Scott Ball / Rivard Report
A proposed subdivision of 52 single-family homes between St. Anthony Catholic High School and Trinity University has Monte Vista residents questioning if the development would fit into their historic district.
Not many details are currently known about what La Marquesa Estates would bring to the century-old neighborhood, which includes the Monte Vista Historic District, but residents are concerned enough to share their worries online and prompt Councilman Roberto Treviño (D1) to question the project’s compatibility with its surroundings.
The City’s Planning Commission voted Aug. 10 to approve the subdivision plat for La Marquesa Estates, which would sit on a 9.1-acre tract at Shook Avenue and East Kings Highway.
The Missionary Oblates of Mary Immaculate currently owns the green space. Oblate Title Holding Group, based in Washington, D.C., filed the subdivision plat July 21.
The Monte Vista Historical Association (MVHA) board plans to meet Tuesday night and consider two resolutions. One resolution is not one of outright opposition to the subdivision, but rather a list of recommendations toward a compromise.
“We don’t dispute the Oblates’ right to develop their property,” said Paula Bondurant, a member of the MVHA board. “We just don’t think what has been presented will work in Monte Vista.”
Fellow board member Antonio Garcia agreed with Bondurant. “There is maybe a very small percentage of residents who oppose it, but most of the comments we’re hearing is that the development should blend in with the historic district.”
“We don’t oppose development. We just hope it follows the City’s guidelines on new construction in a historic district,” he added.
Many Monte Vista residents took to social media sites such as NextDoor to complain that they did not know about the proposal until after the Planning Commission had approved the plat. According to City processes, no notification of residents near the property was required prior to the commission meeting.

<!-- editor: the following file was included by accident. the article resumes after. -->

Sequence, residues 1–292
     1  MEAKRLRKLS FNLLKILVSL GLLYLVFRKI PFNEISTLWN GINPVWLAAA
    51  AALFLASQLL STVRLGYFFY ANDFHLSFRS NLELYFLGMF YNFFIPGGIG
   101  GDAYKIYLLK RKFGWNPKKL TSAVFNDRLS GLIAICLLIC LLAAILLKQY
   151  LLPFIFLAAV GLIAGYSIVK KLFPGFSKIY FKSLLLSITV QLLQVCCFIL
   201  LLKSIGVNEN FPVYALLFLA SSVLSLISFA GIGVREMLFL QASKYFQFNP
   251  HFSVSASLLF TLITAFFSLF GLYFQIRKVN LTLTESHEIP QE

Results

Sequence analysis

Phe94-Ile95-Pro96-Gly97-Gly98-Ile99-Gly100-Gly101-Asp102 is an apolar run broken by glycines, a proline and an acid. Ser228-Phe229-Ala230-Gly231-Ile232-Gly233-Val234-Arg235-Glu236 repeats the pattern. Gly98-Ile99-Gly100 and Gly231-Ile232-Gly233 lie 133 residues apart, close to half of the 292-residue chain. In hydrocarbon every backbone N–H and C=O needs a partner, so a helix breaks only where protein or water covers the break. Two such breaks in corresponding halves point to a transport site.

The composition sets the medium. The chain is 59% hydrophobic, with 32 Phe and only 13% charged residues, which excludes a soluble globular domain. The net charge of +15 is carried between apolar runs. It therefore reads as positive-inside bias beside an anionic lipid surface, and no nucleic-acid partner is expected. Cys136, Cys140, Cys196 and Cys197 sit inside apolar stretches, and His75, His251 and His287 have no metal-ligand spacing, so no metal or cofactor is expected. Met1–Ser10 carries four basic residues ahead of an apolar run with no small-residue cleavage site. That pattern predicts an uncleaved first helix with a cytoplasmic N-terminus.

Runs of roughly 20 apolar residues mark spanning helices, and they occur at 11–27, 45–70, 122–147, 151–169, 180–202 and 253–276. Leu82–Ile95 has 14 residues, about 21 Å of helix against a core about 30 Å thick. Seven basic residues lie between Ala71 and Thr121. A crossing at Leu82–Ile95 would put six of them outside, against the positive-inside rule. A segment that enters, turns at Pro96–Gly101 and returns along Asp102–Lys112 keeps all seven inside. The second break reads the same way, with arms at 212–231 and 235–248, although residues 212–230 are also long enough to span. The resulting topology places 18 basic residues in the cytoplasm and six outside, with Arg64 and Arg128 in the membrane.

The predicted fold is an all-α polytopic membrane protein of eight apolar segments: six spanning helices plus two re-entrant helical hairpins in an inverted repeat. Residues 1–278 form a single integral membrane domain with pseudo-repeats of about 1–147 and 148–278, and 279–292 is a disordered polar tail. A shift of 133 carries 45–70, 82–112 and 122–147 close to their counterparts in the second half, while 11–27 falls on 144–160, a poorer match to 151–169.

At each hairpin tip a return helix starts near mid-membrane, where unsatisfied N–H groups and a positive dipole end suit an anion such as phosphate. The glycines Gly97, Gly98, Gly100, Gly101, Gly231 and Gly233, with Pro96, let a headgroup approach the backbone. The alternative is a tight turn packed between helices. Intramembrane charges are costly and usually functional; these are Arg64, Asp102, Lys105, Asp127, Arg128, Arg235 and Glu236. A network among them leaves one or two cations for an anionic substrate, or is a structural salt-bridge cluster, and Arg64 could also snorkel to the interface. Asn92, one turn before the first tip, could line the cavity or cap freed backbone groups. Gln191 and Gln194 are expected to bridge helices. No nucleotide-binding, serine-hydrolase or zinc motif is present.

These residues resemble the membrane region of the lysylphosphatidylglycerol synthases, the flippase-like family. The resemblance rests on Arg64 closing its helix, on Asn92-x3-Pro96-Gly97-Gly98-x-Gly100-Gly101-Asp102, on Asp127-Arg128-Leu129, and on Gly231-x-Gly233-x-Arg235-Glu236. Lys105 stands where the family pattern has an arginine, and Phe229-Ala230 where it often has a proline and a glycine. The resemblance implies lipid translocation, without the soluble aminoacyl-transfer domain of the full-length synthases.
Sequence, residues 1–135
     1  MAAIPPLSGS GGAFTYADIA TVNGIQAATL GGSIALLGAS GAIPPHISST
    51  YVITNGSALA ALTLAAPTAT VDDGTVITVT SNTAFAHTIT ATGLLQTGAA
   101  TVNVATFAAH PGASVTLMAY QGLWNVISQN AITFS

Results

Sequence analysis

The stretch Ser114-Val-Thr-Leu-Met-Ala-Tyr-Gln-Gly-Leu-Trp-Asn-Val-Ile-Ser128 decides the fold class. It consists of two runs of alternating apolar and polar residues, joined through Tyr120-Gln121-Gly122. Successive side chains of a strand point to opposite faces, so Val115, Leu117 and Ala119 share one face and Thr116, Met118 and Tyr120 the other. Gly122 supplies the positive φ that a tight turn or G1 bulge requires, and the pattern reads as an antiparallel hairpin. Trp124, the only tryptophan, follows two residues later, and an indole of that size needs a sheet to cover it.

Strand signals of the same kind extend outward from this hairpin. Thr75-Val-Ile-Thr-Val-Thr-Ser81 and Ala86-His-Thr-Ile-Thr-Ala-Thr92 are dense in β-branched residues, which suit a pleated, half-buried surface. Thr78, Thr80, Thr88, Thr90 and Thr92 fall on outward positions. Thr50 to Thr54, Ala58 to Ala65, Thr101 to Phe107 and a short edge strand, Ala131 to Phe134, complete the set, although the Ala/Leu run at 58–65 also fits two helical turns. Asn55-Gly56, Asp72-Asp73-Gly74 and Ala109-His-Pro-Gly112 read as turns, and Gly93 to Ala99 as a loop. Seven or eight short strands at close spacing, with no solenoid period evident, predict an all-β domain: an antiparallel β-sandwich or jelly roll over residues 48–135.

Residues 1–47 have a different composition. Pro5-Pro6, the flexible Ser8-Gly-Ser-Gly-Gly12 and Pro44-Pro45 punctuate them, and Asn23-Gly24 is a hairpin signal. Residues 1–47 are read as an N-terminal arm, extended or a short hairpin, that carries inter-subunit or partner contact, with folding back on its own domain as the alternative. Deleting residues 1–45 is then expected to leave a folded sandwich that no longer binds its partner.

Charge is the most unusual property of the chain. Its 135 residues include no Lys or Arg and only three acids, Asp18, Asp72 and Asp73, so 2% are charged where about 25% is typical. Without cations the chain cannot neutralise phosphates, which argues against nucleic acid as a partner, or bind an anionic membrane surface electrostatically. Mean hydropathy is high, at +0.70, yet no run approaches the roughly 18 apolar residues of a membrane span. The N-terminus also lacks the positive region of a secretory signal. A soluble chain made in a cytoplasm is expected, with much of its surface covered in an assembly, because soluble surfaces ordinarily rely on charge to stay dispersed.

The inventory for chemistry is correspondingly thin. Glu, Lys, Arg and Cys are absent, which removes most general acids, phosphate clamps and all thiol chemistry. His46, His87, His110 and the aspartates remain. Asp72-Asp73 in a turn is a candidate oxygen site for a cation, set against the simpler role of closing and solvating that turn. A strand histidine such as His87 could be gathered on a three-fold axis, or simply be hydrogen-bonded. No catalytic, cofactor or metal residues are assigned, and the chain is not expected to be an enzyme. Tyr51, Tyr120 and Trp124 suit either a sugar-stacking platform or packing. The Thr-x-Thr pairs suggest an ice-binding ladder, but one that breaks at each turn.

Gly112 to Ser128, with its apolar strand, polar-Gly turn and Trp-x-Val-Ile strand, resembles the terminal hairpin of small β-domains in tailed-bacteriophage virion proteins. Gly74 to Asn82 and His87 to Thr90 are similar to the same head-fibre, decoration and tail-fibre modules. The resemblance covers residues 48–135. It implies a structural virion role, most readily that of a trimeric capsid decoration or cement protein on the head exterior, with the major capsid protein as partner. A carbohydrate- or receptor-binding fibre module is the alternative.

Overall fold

The property is zoned R-4, which sets the minimum lot size of 4,000 sq. ft. for single-home development, public or private schools. It is unclear whether rezoning would be requested and whether there is another developer involved with this project.
A request for comment to Tony Byron, a local real estate developer who filed the plat on Oblate Title’s behalf, went unanswered Monday.
Bondurant and Garcia said representatives of the property had come to the historical association in 2015 with a proposal to build a 300-apartment community on the tract.
“We said that was absolutely unacceptable,” Bondurant said. The representatives returned with a scaled-down multi-family development, which was met with further opposition from the MVHA.
“They said that doing something with the property would help the Oblates out,” Bondurant said, recalling a past informal chat. No one representing the Oblates came to the historical association to formally explain the new proposal.
Not being compatible in an inner-city neighborhood filled with different early 20th century architectural styles is one of many challenges that the current proposal faces.
The historical association is also worried about the number of envisioned homes, drainage, the fate of heritage oaks on the tract, and that the development could be gated.
“We’ve never had a gated community in Monte Vista,” Bondurant said.
Councilman Treviño has received much feedback from Monte Vista residents on the issue.
“… People can see that it’s not a good fit for a place like Monte Vista,” he stated.
Additionally, the lots would be inward-facing and sit along curvy streets in a neighborhood where the roads are laid out in a grid style.
The resolution that the MVHA board will consider Tuesday night contains nine suggestions. The group hopes, for example, for a variety of home and lot sizes, and that a percentage of single-story homes would be different sizes so they attract mature buyers who are interested in downsizing.
Instead of a gated subdivision, the association also recommends having neighborhood entrances with decorative gateway monuments similar to those that exist at two intersections along West Gramercy Place in Monte Vista.